Manion’s Auction has been a permanent fixture of the military collecting hobby for more than 30 years. In that time, it has experienced extensive growth, economic highs and lows, a tornado, the demise of the “mail-order auction” business and the emergence of internet buying.
The Internet also provided buyers with an avenue to communicate with each other. And communicate they have! The last couple of months have seen countless Internet forum threads discussing Manions, from consignment and pay-off to wondering about the health of the business and asking how long it will last.
Military Trader has had a long history with Manion’s. In fact, it was on Ron Manion’s suggestion that Antique Trader took the gamble to produce a magazine that would be dedicated to the military collecting hobby. That was more than 17 years ago!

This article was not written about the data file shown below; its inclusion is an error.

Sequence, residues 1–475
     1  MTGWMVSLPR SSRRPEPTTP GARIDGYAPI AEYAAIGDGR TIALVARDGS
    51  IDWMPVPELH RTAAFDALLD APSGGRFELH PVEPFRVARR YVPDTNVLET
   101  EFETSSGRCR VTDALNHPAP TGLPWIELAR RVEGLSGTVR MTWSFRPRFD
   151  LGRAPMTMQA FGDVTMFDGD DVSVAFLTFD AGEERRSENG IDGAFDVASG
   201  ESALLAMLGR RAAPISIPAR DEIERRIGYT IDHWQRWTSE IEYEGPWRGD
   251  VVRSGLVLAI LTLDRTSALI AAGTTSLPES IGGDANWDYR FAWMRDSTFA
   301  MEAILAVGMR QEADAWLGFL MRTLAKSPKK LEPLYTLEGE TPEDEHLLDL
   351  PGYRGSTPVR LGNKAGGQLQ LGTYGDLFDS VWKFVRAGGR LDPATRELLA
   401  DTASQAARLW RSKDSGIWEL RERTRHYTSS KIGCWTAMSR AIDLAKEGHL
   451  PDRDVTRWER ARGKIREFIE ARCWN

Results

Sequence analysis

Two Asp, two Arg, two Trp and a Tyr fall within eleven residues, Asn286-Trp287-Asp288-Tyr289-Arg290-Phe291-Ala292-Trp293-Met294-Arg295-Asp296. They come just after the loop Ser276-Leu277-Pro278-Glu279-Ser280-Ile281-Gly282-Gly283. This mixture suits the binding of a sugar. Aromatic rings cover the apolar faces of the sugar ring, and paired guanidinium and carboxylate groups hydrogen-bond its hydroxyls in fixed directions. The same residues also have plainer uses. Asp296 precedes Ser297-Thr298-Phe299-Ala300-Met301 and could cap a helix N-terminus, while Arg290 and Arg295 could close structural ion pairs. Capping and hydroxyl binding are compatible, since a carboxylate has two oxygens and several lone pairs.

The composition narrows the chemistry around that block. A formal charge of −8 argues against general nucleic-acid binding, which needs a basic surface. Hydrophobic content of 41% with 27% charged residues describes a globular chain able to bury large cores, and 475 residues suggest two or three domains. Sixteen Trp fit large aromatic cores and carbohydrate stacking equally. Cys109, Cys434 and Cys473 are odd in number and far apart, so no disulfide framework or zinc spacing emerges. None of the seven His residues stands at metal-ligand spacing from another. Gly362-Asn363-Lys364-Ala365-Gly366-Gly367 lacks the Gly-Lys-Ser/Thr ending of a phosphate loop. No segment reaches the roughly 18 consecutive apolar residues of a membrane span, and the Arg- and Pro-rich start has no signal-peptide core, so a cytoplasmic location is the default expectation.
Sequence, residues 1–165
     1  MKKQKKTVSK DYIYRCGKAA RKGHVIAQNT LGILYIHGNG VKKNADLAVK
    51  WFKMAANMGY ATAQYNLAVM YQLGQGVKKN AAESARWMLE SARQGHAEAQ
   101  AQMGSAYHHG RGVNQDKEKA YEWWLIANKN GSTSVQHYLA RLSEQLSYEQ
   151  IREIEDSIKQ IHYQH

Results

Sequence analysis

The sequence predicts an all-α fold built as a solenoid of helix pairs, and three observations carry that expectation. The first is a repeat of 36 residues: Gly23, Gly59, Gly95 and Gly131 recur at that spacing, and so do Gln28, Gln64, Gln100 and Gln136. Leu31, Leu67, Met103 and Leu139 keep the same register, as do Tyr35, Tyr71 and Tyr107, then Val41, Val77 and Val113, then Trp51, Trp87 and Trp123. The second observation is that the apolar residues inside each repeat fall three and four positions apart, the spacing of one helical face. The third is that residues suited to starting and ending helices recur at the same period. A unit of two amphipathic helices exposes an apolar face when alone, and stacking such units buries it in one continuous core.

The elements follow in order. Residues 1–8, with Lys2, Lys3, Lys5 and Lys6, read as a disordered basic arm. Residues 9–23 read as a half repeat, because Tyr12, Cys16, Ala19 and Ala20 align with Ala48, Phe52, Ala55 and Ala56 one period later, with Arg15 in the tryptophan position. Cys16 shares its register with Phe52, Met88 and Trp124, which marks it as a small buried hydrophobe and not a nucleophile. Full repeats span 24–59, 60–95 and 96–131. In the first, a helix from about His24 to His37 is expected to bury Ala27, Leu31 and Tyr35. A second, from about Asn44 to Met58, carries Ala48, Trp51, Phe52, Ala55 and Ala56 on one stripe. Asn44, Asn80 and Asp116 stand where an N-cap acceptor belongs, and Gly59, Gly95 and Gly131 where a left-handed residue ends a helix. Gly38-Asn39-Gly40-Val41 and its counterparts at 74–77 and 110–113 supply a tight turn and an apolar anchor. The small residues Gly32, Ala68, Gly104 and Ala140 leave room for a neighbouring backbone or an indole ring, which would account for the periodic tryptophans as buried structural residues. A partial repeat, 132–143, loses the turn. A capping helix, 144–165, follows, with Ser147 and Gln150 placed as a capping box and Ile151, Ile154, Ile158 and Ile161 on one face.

During the past couple of months, Military Trader has had several discussions with various Manion’s customers who have asked many questions that the magazine was unable to answer. So, Military Trader created a list of questions and presented them to current Manion’s CEO, Jody Tucker. Below are the questions editor John Adams-Graf posed and Jody Tucker’s responses.
MT: There seems to be a lot of confusion as to how a “consignment with Manions” works. Can you explain the process and the time involved from the point when a new consignor agrees to send you items until he is paid for the consignment?
Jody Tucker: The process is:
1) Consignors send product
2) We try to sell
3) Timetable dependent on other goods, etc.
4) Target is to send payment to consignor within 90 days
Despite our best efforts, in some instances this 90-day reimbursement window has been exceeded and we recognize that this is unacceptable. I initiated this 90-day payoff window target after taking over as president of Manion’s in 2005 when, at that time, reimbursement windows ranged from between three to 9 months. Since then, we’ve worked hard to meet both old and new obligations, with the intent of shortening pay-off periods from where they were.